We immediately turn right when we exit the Santi Quattro Coronati and face an intersection, which, if we keep walking straight, will take us to the cathedral of Rome: the San Giovanni in Laterano. Unfortunately we can’t visit all Rome has to offer. So instead of going straight, we take a right in the Via de Santo Stefano Rotondo. On our left hand side, away from the road, there’s an early-Christian 4th century church.
The Santo Stefano Rotondo is one of the earliest examples of a centrally-planned church, in this case a high, large central room with two ring-shaped aisles around it. The round church has a cross-shaped map.
In the 12th century, Innocentius II added three large ribbed vaults. This likely pertained to the poor condition of the wooden roof.
“The church was built on pre-existing Roman buildings, part of the Roman barracks of the Castra Peregrina, or Peregrinorum, ie accommodation of provincial troops, and over a Mithraeum dating back to 180 AD that was discovered in the 1973 to 1975 jobs. But above all it must be a round temple was reused, so archaic or otherwise dedicated to a Great Mother, as was, for example Isis. In fact they were also found remains of this temple: a head of Isis right next to the statue of Cautopates in Luni marble, 22 cm. Often the cult of Mithras was joined to the cult of Isis, perhaps because both had a mystery cult. According to the reconstructive hypothesis of some scholars on Macellum Magnum di Neroe, it was similar to the present church of S. Stefano Rotondo al Celio, ie with circular surrounded by columns around the perimeter surmounted by a dome.” Source: Imperium Romanum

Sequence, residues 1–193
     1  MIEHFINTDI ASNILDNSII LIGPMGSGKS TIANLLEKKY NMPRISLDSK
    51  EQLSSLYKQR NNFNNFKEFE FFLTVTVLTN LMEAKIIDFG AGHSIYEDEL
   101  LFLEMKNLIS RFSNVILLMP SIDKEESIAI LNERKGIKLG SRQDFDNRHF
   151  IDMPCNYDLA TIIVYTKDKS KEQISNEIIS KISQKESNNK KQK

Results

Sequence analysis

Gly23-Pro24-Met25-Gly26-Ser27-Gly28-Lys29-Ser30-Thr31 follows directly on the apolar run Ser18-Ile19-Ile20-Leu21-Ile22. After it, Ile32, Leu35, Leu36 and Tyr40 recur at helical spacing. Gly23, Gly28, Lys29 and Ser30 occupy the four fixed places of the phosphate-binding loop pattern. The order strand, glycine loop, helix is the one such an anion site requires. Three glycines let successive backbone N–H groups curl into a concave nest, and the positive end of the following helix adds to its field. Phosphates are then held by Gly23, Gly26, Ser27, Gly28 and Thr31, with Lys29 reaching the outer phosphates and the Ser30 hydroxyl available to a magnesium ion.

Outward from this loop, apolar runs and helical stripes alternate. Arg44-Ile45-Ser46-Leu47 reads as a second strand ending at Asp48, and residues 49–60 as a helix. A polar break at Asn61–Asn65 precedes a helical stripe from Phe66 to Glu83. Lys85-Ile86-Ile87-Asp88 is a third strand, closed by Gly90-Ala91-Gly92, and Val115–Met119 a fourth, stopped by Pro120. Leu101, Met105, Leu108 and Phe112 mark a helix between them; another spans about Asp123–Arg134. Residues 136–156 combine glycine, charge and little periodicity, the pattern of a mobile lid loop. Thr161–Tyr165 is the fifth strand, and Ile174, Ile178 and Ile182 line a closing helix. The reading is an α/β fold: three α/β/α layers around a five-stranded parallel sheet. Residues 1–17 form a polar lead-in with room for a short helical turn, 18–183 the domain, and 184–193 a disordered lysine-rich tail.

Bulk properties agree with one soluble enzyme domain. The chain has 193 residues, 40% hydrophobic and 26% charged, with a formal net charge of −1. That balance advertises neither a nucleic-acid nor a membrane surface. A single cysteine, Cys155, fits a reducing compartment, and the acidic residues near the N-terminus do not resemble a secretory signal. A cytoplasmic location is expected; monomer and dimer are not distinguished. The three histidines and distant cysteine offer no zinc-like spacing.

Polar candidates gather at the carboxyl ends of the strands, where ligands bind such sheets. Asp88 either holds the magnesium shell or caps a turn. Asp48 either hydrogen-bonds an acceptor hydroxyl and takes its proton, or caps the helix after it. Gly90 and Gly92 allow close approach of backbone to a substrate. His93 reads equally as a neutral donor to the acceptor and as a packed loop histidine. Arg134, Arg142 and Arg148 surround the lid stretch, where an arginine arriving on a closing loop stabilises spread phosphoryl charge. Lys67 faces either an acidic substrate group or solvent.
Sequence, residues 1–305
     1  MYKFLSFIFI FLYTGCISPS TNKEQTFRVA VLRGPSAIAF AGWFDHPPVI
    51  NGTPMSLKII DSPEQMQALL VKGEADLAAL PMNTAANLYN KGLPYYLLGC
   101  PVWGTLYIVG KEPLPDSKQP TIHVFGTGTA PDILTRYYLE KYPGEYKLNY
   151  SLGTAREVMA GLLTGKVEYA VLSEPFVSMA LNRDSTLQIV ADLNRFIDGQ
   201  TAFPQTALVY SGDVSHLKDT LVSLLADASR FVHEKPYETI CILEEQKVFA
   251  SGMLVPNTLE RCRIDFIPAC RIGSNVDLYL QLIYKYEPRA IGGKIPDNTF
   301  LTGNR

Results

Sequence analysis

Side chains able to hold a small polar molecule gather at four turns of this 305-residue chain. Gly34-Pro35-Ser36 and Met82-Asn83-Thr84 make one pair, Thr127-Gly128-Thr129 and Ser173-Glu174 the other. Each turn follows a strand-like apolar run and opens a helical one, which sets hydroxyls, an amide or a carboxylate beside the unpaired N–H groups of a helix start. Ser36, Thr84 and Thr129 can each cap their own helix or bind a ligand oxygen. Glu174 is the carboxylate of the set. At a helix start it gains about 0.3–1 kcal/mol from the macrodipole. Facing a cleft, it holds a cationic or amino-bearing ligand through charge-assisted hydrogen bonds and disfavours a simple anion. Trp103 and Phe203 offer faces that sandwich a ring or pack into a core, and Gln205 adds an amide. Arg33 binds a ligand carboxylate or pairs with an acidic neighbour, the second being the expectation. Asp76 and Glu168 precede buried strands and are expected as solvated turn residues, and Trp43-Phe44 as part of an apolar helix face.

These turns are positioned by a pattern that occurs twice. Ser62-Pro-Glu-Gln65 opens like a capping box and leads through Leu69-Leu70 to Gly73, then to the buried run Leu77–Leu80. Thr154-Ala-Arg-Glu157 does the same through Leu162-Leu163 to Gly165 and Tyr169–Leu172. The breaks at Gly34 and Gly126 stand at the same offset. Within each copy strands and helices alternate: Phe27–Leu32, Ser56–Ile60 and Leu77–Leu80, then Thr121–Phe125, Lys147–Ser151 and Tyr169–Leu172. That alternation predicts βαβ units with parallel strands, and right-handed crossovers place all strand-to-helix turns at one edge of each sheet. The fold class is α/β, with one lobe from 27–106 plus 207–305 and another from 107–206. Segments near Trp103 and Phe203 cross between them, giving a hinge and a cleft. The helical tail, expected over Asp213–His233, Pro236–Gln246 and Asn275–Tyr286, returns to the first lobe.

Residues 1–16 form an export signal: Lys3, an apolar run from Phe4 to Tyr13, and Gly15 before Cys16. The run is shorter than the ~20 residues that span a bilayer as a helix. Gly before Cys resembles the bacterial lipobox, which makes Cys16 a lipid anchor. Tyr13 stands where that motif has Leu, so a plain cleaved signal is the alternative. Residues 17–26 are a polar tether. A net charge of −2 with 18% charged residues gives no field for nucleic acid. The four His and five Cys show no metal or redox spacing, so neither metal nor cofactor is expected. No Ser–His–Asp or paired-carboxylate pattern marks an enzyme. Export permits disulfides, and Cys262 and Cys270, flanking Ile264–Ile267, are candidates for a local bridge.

“The Castra Peregrina was ultimately abandoned and handed over to the Church in the fifth century. A church dedicated to Saint Stephen was then built over the barracks. Excavations in the twentieth century have revealed that there is a a Mithraeu beneath the Santo Stefano, a shrine dedicated to the light god Mithras (often mistaken as the source for Christmas). This is hardly surprising, as the secretive cult of Mithras was very popular among soldiers.” Source Corvinus
According to some scholars, the Castra Peregrina also had the form of a central building with columns and a dome. Excavations under the Santa Stefano include a relief of Mithras, a head of Mithras and a statue of Mithras petra genetrix (Mithras born from a rock).
In the 16th century, the painter Pomarancio or Niccolò Circignani made a number of frescos about tortures on the walls. When looking at these, you feel rather compelled to divert your gaze from these horrors.
Read more? Click here by Imperium Romanum: S. Stefano Rotondo
End of Rome day 3
Continuation Rome day 4: Santa Maria degli Angeli and Moses fountain